Sunday, February 15, 2009

A Mosquito Beyond Explanation

You’d think that a word with an unknown etymology would leave me with little to write about. But you’d be wrong.
gallinipper (GAL-eh-nip-per) — noun: an insect capable of inflicting a painful bite, usually a large mosquito or a crane fly.
Officially, that small chunk of syntax above seems that all that anyone has to say about the word, other than that it is chiefly used in the American South and Midwest and that its first recorded use was in 1709. Curiously, the crane fly as defined by Wikipedia doesn’t seem to bite, so only the “large insect” aspect of the creature would seem to render the definition accurate. Also, the insect is known as “daddy long-legs” in Canada, the U.K., Ireland, New Zealand and Australia, whereas that name here in the U.S. usually refers to a spider. (I’d forgotten it, but I mentioned the crane fly previously on this blog, when I was pondering the plural form of the word daddy long-legs. A few years later, I still don’t know what the plural might be, though I’m happy to see that I’m not the only one wondering.) Thus, gallinipper and daddy long-legs both seem to be catch-all words that rarely seem to mean much. As far as where it comes from, I can only say that it would seem to follow a certain pattern common to that very specific kind of Americanisms along the lines of thingamajigger and other such old timey-sounding metasyntactic words.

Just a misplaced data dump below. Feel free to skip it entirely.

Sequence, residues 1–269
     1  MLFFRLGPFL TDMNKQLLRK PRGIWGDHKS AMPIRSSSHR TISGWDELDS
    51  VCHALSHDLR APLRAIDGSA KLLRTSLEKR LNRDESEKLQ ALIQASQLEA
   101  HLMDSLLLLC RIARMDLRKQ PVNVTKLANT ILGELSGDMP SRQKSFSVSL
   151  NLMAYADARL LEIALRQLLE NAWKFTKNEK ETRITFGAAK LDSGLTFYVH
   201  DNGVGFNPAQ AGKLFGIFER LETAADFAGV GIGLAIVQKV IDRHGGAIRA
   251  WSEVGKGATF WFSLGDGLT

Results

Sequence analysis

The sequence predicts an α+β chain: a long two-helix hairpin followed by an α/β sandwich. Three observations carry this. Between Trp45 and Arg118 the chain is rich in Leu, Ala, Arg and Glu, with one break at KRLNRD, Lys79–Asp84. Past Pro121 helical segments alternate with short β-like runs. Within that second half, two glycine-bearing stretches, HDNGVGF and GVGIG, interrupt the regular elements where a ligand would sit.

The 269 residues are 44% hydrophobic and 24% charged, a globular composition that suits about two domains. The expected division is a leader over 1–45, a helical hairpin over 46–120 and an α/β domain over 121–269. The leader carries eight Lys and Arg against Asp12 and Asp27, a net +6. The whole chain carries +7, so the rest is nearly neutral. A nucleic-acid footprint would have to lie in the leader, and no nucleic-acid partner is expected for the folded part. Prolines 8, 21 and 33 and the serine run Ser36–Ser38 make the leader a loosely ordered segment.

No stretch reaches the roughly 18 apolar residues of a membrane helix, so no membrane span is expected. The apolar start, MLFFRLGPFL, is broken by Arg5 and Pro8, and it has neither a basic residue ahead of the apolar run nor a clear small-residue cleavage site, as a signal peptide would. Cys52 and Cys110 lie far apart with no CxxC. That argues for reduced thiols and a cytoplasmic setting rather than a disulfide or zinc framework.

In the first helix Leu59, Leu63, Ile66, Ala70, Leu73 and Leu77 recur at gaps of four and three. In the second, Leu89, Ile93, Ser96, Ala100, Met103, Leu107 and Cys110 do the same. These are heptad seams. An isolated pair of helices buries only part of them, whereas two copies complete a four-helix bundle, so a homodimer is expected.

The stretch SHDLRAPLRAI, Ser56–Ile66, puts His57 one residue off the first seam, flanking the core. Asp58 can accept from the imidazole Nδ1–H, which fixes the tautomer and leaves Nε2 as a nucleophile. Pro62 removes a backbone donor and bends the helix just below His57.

A 1985 dictionary of regional English — brought to you and me alike through the magic of Google Books — gives us some added dimension to the confusion, offering no less than twelve variants on the word, including galnipper, galknipper, gallinapper, gallon dipper, gannipper, ganninipper, gollynipper, gullynapper, gurnipper, gabber napper, galliwopper, and my personal favorite, granny nipper. Even this entry, however, notes that “some of these insects do not bite.”

Words that gallinipper beat out for this week’s spot include a few notables — among them griffonage (meaning “careless handwriting” seemingly in the way people today use chicken scratch), gumma (“a syphilitic tumor,” which hearkens back to the last “G” word-of-the-week, grandgore), and gunsel, which formerly meant “a man’s young homosexual companion” but thanks to a line in The Maltese Falcon can now mean “gunman” or “hoodlum.”

Previous words of the week:

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